For the third year running, team Lagos was absent from the National Youth Games (NYGs) which took place last month at Ilorin, Kwara state. This development left athletes and coaches fuming at the state as the event presents them with a chance to be selected for upcoming international tournaments.
Aclsports.com’s Sola Oyeniyi in an interview with the Special Adviser to Governor Akinwunmi Ambode on Sports and the Chairman, Lagos State Sports Commission (LSSC), Mr Deji Tinubu, tried to find out what exactly happened.
“I said in an interview a couple of days ago: first of all, we should discountenance the notion that Lagos doesn’t preach the gospel of sports development. The number of grassroots programmes and school competitions that we do justifies that.
We have to understand that there’s a little shift from the norm because we want to create other pathways and in the very near future, those things would begin to gel. We’re disappointed that the team didn’t attend the youth games, but it doesn’t mean there’s still nothing for them. It’s just a shift from the norm because of the reforms that’s going on in Lagos State sports.”
Can you share some of these reforms? “What we will see is that we’re going to have clearer pathways for the youth to be able to excel in their sports. That’s what we’ve always said we will do and that’s what we want to do. Like I said, maybe we should be patient a little bit and very soon, we will begin to see these pathways because when you’re creating something different and moving in a different direction, it’s going to affect some things. So we are looking at the bigger picture of a more structured and organised way for our youths to quickly reach their potentials,” Mr Tinubu said.
He added that the absence of team Lagos at the national youth games had nothing to do with the redeployment of the Director General of the LSSC by Governor Akinwunmi Ambode.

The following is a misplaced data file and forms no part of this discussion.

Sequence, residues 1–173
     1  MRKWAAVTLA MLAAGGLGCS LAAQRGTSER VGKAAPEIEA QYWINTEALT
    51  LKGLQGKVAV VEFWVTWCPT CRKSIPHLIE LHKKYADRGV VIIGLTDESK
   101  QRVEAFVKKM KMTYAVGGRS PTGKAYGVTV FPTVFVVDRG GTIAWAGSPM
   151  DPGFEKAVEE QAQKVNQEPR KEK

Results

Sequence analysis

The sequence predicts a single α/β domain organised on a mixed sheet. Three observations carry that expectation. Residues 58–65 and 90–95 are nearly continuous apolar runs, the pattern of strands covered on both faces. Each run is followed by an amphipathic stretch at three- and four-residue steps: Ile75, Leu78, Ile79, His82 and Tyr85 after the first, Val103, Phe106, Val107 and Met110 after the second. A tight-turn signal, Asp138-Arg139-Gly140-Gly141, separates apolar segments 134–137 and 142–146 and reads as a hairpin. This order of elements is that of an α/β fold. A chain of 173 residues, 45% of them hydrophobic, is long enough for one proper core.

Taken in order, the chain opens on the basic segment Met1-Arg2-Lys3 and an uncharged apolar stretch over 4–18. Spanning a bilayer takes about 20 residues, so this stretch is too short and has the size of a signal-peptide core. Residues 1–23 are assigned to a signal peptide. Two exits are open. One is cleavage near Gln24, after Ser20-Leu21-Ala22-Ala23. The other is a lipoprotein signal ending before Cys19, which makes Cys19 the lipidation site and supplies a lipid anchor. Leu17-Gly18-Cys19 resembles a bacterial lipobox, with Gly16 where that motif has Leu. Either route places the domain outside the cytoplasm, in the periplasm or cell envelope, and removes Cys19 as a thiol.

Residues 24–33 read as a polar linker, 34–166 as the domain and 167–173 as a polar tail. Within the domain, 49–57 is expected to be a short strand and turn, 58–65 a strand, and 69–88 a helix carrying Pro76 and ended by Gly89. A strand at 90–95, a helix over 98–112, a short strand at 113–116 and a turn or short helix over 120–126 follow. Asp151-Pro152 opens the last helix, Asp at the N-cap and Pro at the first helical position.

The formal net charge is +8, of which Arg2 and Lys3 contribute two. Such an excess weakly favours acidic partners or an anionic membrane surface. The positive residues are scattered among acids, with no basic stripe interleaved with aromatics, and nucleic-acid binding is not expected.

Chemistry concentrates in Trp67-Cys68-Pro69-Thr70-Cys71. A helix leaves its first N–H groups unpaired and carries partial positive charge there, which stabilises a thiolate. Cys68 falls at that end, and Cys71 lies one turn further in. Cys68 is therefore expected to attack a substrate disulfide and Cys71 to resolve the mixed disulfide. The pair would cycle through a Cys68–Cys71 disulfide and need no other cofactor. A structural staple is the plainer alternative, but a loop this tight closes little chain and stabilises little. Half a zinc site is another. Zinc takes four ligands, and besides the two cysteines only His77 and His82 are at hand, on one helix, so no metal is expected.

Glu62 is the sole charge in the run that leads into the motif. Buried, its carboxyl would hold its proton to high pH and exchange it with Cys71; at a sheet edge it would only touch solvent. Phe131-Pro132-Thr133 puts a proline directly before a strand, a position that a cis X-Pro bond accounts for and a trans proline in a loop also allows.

On the allegation that the Lagos state sports commission is more interested in building sports infrastructure and organising international competitions at the expense of the development of athletes in the state, hence the reason a grassroots event like the NYGs was neglected he said: “Youth Games wasn’t neglected. There was a shift in focus. Over the last two years, the amount of grassroots events and competitions we’ve done in itself lets you know that we are focused on something and by the grace of God we know what we’re doing.
Everything goes hand-in-hand. We need facilities. There’s no point in breeding athletes and they don’t have facilities. Apart from the Onikan stadium; we’ve earmarked Ikorodu, Badagry and the Maracana stadium in Ajegunle to build sports facilities there. The long-term thing is that, we don’t want people to be too far away from a standard sport facility and it’s going to take a couple of years to do that but that’s the plan. If we do that and people in Badagry and Ikorodu have a standard stadium, they’ll be happy.” He added that “a standard stadium: would boost sports in that area, would make people would come out to use the facility, means schools’ inter-house sports would have a standard place to go to and even in that division you can now organise in such a way that you are attracting spectators and interests from the local private sector. So, all these things go hand-in-hand in grassroots development.”
To the athletes who felt disenfranchised and disappointed with the commission Mr Tinubu said: “they shouldn’t be too disappointed. They should just believe in us and then they would see how things go in the next couple of months. They should believe in what we’re trying to do and they will understand in the very near future.”